These decisions did not, however, turn upon or settle with any precision the amount of light to which a right is acquired by twenty years' user. Nor is the statute clear upon this point. At one time it appears to have been considered that in all cases the size and situation of the aperture through which light had come for twenty years formed both the maximum and minimum measures of the right acquired, without reference to the use and enjoyment of the light which had so come. This view was based on some observations made by Lord Westbury in Tapling v. Jones(7), and on Lord Cranworth's judgment in Yates v. Jack(8), which I will notice presently. Lord Chelmsford took the same view in Calcraft v. Thompson.(9)

But this view was emphatically negatived by the Court of Appeal in Chancery in Kelk v. Pearson (10), City of London Brewery Co. v. Tennant (11), and Leech v. Schweder. (12) In Moore v. Hall (13), however, both Mellor and Manisty JJ. adopted the interpretation thus repudiated, but it does not appear that they were aware of the repudiation.

Kelk v. Pearson (10) shews that in ordinary cases a person

(1) (1862) 2 J. and H. 555.

(2) (1849) 3 Ex. 557.

(3) (1869) L. R. 4 Ex. 126.

(4) (1888) 40 Ch. D. 21.

(5) [1894] 3 Ch. 659.

(6) [1900] 2 Ch. 143.

(7) 11 H. L. C. 305-6.

(8) L. R. 1 Ch. 295.

(9) 15 W. R. 387.

(10) L. R. 6 Ch. 809.

(11) L. R. 9 Ch. 212.

(12) (1874) L. R. 9 Ch. 463.

(13) 3 Q. B. D. 178.

does not necessarily acquire a right to enjoy in future all the light he has had for twenty years. He may have had more than was reasonably required either for domestic or business purposes; and in that case his right to protection is limited to the amount of light reasonably required.

There can be no doubt that Lord Cranworth's language in Yates v. Jack(1), and the head-note to it, and the form of injunction granted, have been regarded as authorities for the view that in all cases the statute confers a right to all the light which has come to a window for twenty years; and there are passages in the judgments of Cotton and Bowen L.JJ. in Scott v. Pape(2) which support the same view. This is to be regretted, as it has tended to unsettle the rule laid down in Kelk v. Pearson.(3) The decision in Yates v. Jack(1) did not, however, really go so far as has been supposed, for the plaintiff's windows were darkened to such an extent as to render the plaintiff's house much less convenient for purposes of business than it was before. The case did not turn on the mere fact that some diminution of light was proved. The plaintiff's right to light was clearly infringed, whether the measure of the light to which he was entitled was all that had come through his windows, or only so much as was reasonably necessary for business purposes. If these facts are borne in mind, nothing will be found in the actual decision which conflicts with the views previously expressed by Lord Cranworth in Clarke v. Clark(4) and adopted by the Court of Appeal in the cases already mentioned.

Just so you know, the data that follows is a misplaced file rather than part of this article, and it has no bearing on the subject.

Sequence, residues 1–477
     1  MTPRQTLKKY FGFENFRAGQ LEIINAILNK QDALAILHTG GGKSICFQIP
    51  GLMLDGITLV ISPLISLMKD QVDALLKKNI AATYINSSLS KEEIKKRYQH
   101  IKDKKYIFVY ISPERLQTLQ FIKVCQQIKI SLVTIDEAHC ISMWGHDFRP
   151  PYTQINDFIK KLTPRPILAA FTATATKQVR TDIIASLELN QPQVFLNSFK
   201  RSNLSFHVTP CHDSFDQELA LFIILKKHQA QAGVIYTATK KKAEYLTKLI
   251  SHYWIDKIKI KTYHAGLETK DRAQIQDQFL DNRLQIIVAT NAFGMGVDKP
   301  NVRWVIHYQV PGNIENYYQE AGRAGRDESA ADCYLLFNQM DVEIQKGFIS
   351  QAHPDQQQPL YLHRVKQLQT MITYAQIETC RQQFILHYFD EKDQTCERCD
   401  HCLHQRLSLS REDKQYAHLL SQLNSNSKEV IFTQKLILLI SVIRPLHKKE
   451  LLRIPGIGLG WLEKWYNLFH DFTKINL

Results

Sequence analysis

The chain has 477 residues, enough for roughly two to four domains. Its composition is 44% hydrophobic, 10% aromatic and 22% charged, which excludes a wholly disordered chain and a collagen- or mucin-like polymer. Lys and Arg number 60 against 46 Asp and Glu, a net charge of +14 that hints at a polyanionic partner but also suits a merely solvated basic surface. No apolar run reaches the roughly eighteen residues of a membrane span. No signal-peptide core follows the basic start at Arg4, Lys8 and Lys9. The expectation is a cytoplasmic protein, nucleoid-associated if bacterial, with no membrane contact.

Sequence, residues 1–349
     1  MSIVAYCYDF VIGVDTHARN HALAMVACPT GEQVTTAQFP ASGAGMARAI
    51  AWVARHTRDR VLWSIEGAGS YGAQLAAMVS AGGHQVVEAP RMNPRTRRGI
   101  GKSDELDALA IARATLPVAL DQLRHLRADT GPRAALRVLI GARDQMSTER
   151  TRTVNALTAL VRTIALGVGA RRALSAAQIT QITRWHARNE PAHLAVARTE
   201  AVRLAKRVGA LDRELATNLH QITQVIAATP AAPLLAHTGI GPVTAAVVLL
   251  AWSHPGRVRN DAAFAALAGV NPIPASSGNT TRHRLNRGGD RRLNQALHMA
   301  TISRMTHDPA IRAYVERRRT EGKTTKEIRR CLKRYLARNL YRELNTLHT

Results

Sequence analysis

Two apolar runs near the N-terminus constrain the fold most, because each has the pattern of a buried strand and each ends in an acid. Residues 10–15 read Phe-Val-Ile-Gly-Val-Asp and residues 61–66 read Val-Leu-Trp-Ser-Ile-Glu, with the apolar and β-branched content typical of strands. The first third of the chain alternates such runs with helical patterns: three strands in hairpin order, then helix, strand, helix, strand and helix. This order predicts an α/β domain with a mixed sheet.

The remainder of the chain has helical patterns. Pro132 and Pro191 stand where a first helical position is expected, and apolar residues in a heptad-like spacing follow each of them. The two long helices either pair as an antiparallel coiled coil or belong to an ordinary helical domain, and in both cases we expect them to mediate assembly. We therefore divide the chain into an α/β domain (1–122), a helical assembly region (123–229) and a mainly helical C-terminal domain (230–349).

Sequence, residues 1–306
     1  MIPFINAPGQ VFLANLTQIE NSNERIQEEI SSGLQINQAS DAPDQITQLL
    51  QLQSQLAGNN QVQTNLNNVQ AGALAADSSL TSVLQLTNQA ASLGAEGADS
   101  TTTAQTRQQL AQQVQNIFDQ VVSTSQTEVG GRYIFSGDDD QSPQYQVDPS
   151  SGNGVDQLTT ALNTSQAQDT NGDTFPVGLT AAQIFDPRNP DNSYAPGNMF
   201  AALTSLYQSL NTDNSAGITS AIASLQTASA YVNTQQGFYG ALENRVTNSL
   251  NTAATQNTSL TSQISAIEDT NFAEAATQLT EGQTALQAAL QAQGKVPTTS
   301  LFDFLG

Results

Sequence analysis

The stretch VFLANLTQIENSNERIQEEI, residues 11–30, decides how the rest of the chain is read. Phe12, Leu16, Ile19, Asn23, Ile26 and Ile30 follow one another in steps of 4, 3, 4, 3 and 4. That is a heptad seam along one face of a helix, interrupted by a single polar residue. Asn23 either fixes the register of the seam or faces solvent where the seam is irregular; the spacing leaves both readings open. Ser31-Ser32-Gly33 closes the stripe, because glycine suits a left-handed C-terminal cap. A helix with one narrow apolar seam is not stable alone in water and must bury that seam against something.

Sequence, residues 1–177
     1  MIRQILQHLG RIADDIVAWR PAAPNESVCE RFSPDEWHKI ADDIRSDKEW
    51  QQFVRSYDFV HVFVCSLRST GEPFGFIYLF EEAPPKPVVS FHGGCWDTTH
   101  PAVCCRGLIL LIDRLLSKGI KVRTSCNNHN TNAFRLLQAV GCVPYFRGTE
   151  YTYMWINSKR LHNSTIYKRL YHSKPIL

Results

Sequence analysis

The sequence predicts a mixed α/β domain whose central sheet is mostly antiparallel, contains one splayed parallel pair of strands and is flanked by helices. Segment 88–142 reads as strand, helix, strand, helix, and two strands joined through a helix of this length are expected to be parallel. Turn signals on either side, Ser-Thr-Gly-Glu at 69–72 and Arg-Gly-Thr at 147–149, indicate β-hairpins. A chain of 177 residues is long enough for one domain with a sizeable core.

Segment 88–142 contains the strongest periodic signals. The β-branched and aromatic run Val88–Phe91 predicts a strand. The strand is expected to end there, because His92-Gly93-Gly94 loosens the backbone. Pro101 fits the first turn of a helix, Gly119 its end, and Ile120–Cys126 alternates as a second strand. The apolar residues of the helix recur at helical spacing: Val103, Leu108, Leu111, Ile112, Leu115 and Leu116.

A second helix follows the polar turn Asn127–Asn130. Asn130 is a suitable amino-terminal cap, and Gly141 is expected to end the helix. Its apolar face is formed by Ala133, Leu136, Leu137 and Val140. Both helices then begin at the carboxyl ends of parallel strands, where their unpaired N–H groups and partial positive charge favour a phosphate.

The common form of injunction in these cases is that adopted in Yates v. Jack(1) and Dent v. Auction Mart Co.(5)It is to restrain the defendants from erecting any building so as to obstruct the free access of light to the ancient windows of the plaintiff as such access was enjoyed previously to the taking down of the house which formerly stood on the site of the defendant's new buildings.

This form is framed upon the supposition that the plaintiff

(1) L. R. 1 Ch. 295.

(2) 31 Ch. D. 554.

(3) L. R. 6 Ch. 809.

(4) L. R. 1 Ch. 16.

(5) L. R. 2 Eq. at p. 255.

has established his right to the amount of light which he, in fact, enjoyed before the obstruction complained of. But it by no means follows from the form that every one is entitled to an injunction who can prove that he has been deprived of some of the light which he, in fact, had before it was interfered with. He may have had more than he can acquire a right to have preserved in future. I am, however, under the impression that this inference has been drawn, and that the form has been regarded as strengthening the view of the law repudiated in Kelk v. Pearson.(1)

So to regard the form is, in my opinion, a mistake. The doctrine laid down in Back v. Stacey(2), as I understand it, is the same as that laid down, although in somewhat different language, by the Court of Appeal in Kelk v. Pearson(1) and City of London Brewery Co. v. Tennant(3), and must, I think, be taken as finally established and as good sound law which your Lordships should adopt, notwithstanding the observations in the Irish case of Mackey v. Scottish Widows' Co.(4) That doctrine, as stated in City of London Brewery Co. v. Tennant(3),is that generally speaking an owner of ancient lights is entitled to sufficient light according to the ordinary notions of mankind for the comfortable use and enjoyment of his house as a dwelling-house, if it is a dwelling-house, or for the beneficial use and occupation of the house if it is a warehouse, a shop, or other place of business.(5) The expressions "the ordinary notions of mankind," "comfortable use and enjoyment," and "beneficial use and occupation" introduce elements of uncertainty; but similar uncertainty has always existed and exists still in all cases of nuisance, and in this country an obstruction of light has commonly been regarded as a nuisance, although the right to light has been regarded as a peculiar kind of easement.